5 Durable and Low Maintenance Remodeling Projects to Protect Your Home

Castle Home Inspections

5 Durable and Low Maintenance Remodeling Projects to Protect Your Home

The renovation supply chain faced a major disruption through 2020 and 2021: but that’s finally ending, and people can get back to renovating and updating their homes to what will make them safe and comfortable to live in.

From updating your home so it’s moisture resistant to putting on a roof that can last over fifty years: these are the most durable and low maintenance remodeling projects that will ensure your home lasts forever.

1. Updated Windows to Outlast Storms

Windows are an important piece of any property because they can either be its greatest strength or greatest weakness. The most important thing to keep in mind in windows is how well your window replacement inserts will stand up against stormy weather. 

If you live in a hurricane-heavy portion of the country or in a tornado-prone area, you must seek out a property that can last and look good while it does. Of course, you can still have a home full of gorgeous open spaces with plenty of natural light, but you have to choose carefully. 

2. Home Details to Fight Off Moisture

The details within your home should be used to fight off moisture as much as possible. Generally, this means moisture-resistant paint to ensure your walls look great for as long as possible and measures to ensure that your basement drains as well and as much as you want it to. This will ensure that your basement will not suffer from major moisture damage and require the expensive repair of walls or a basement renovation.

3. Gardens To Absorb the Rainfall

In a 2018 study published in the journal of Environmental Research Letters: there are 41 million people at risk of flooding within the USA. Over 12% of the nation is at risk of incredible amounts of water damaging their properties. To protect yourself, a good way to reduce standing water on your property while still beautifying your land is to build a rain garden.

These fantastic gardens are created using plants that are native to your area, laid out so that they allow as much moisture absorption into the soil as possible. This ensures you don’t face land slippage, and that your property is as safe from water damage as you can make it. At the same time, this allows you to have a lawn with local and beautiful plant life that looks far better than a plain green lawn.

4. A Roof that Can Handle the Heat

Our roofs may be the most important part of our properties, but they are often the most overlooked. Unfortunately, although we pour tens of thousands of dollars into them, our roofs aren’t immune to the weather or to fire most of the time. In areas where wildfires are a major issue, like the northern border and most west coast, it’s good to seek out fire-resistant roofing materials. The great thing about these is that although they can be pricey, most roofs built with this kind of material are set to thrive for at least fifty years, with some materials like slate lasting up to two hundred years.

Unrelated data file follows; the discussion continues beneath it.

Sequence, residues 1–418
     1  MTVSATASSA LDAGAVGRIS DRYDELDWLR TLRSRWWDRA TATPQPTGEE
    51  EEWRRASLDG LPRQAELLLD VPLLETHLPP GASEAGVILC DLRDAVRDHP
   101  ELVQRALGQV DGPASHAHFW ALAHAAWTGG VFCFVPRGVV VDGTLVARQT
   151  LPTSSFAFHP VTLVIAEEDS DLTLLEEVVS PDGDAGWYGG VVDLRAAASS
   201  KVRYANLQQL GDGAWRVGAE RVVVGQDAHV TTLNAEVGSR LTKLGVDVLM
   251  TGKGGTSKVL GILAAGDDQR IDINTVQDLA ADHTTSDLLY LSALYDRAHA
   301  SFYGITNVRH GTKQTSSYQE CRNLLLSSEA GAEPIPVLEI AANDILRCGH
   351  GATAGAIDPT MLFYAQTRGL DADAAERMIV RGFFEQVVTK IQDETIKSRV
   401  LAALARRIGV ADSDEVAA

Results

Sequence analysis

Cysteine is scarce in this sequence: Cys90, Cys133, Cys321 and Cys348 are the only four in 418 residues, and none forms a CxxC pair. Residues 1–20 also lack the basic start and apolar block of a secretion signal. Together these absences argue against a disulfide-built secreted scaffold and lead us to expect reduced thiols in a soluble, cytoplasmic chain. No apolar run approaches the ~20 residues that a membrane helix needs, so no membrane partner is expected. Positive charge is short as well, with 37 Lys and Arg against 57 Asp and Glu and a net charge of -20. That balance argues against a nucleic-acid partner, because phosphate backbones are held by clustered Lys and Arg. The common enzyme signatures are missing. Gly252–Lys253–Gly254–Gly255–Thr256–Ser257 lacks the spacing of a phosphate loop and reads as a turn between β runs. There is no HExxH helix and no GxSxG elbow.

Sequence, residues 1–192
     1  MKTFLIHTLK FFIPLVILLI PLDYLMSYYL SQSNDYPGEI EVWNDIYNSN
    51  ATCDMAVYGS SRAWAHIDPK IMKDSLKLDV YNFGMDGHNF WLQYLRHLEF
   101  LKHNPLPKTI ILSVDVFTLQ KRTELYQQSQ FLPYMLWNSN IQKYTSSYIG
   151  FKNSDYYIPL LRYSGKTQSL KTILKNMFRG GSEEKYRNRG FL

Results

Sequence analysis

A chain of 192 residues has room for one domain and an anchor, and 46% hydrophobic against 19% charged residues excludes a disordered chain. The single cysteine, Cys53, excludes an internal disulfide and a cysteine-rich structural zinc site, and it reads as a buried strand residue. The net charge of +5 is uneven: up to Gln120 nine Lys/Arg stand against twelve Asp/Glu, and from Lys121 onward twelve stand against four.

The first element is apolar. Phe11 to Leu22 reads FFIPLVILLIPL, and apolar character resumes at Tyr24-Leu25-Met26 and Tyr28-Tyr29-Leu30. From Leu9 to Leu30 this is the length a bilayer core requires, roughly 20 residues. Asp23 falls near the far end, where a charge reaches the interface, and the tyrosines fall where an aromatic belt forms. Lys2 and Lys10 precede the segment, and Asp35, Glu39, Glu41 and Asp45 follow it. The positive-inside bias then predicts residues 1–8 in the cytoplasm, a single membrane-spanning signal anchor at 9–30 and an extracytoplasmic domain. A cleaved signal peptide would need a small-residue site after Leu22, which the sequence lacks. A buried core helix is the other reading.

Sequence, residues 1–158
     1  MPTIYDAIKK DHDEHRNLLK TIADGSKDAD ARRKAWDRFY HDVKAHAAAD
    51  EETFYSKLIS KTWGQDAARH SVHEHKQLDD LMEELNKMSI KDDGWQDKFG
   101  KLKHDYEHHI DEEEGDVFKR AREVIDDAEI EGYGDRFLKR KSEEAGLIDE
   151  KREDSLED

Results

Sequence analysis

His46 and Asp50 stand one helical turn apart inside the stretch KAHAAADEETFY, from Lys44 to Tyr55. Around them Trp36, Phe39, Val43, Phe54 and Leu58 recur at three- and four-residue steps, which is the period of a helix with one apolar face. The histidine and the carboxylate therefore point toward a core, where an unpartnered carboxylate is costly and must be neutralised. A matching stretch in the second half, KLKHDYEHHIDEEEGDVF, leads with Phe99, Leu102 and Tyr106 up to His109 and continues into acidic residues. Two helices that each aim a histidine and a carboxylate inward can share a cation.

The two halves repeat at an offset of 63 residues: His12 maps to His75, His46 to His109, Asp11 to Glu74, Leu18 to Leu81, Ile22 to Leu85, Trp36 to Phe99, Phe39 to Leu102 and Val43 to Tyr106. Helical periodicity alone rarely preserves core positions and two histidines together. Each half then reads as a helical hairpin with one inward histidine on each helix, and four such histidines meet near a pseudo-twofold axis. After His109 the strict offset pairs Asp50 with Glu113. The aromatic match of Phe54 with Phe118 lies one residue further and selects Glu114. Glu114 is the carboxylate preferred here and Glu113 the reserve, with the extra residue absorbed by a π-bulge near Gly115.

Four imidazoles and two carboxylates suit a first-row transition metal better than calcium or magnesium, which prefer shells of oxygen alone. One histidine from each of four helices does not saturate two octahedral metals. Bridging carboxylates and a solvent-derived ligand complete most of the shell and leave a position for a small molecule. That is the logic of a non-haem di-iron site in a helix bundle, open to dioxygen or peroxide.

5. Siding That Will Last for Years

When’s the last time you thought about your siding? The most common time most people think about this portion of their home is in the middle of spring when pollen comes out and leaves homes yellowish green. Many don’t realize how much our siding does for our properties. The right siding can block out heat, cold, insect life, moisture, and even noise pollution all from entering our homes. It’s a good idea to seek out steel siding since it’ll protect your property for longer.

Every Home Has Different Needs

Every portion of the country faces a different kind of stress regarding natural disasters and incredible weather. From the yearly hurricanes on the east coast to the fires on the west coast and tornadoes and snow in the midwest: you must keep your home’s needs in mind. Consider updating your home in some of these ways so that it can outlast any storm!

Brian Jeffries is the content director for the Innovative Building Materials blog and a content writer for the building materials industry. He is focused on helping fellow homeowners, contractors, and architects discover materials and methods of construction that save money, improve energy efficiency, and increase property value. 


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